I’m not so sure that I would say that to the family of those Methodists who were killed in Kansas; at least not on the day they found out that their loved ones had been shot. It would be too soon; too easy; too abstractly theological. My mind leaps back again to holding the phone as Dan tells me his dad has died. Listening to my friend Mike as he talks about all of the saccharine stuff that good Christian friends said when his son died. Sitting with the 4 sisters of a 35 year old man whose funeral I conducted last week, and listening to their stories, and thinking: “Nothing will ever make this make sense.” And death seems to win, again. And death definitely stings.
And here’s the thing. It will sting. It will sting every single time when we can no longer hug the people we love, when we can’t call them on the phone, when we can’t hear their laugh and see their smile and wipe away their tears anymore. And you know what? It should sting. It should sting because the people we love help us see God, and so when we lose them it feels like losing a piece of our divine image. It should sting because at some fundamental level we feel the scandal of death. We experience it as injustice.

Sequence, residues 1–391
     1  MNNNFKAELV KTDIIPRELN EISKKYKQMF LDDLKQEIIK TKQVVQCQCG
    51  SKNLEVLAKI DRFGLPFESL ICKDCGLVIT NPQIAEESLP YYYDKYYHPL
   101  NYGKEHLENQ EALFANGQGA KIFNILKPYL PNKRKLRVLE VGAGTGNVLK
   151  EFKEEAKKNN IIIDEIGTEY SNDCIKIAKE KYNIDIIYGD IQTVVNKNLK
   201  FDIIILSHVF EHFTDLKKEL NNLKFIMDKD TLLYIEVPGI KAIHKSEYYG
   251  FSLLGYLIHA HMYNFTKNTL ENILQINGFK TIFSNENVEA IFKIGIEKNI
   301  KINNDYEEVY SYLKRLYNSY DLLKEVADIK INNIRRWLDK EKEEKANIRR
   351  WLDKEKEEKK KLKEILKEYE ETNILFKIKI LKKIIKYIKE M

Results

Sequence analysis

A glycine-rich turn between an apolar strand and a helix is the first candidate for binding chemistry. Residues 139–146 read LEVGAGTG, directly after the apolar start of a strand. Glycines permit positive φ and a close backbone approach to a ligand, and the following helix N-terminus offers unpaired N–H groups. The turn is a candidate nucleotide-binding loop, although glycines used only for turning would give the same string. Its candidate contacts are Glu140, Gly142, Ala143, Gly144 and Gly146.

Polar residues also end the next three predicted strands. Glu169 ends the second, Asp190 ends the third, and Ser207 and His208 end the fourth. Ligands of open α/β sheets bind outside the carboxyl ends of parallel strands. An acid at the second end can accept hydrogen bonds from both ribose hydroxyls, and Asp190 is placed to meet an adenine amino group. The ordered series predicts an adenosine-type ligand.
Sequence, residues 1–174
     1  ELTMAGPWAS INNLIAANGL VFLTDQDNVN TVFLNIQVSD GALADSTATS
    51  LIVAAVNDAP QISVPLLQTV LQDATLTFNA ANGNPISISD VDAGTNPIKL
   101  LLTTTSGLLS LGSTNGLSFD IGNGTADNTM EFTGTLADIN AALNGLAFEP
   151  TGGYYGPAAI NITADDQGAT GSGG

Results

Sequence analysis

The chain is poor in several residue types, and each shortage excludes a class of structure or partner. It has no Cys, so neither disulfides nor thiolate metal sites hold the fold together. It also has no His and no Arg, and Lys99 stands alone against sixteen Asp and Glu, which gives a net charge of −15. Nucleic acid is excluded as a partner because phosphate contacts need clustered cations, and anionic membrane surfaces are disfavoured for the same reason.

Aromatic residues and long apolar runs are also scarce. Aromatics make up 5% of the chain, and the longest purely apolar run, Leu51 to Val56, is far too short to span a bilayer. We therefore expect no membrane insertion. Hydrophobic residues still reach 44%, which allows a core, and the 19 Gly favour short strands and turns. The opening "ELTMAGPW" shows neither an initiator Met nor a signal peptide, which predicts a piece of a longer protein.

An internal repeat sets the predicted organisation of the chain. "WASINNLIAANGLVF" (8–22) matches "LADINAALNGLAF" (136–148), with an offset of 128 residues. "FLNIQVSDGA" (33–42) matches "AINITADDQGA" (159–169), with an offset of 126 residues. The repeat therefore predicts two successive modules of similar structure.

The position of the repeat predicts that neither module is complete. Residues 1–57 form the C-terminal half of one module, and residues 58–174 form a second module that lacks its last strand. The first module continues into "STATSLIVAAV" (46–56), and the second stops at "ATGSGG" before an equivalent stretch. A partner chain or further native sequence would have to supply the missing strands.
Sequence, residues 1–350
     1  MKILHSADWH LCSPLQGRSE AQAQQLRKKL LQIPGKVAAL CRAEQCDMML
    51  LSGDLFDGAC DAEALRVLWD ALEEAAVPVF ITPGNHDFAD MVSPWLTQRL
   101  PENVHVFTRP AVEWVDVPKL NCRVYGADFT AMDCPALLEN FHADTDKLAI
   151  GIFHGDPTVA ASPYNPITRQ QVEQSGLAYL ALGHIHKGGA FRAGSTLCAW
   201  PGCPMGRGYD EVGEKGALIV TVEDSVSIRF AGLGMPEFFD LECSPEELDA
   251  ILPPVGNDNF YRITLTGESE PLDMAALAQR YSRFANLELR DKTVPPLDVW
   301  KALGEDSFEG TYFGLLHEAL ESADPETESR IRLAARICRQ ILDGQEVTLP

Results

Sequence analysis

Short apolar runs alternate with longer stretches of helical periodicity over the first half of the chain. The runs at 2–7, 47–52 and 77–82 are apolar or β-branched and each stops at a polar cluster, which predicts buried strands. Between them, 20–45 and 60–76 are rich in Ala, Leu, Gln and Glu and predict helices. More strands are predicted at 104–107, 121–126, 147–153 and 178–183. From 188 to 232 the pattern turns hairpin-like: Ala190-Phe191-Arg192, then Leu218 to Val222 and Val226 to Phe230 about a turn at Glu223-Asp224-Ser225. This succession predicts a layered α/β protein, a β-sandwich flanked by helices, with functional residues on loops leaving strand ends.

Here’s how Paul says it: “Death’s sting is sin, and the power of sin is the Law.” It’s a bit of a packed statement, but here’s how I’d paraphrase it. Death stings because it’s a part of the deep alienation that we feel, from each other and from God and from the world. It’s a tangible manifestation of the separation that we experience in our lives. And the Law, the code of justice and right conduct laid out for us in scripture, just makes us even more aware that the world is not as it should be, that there is a deep wound bleeding and that it’s killing us. Every time we try to establish justice, every time we try to make things work, we find ourselves coming up short, and we are reminded of that wound. And until the kingdom comes in all of its fullness, and we feast together at the heavenly banquet, that’s going to keep happening.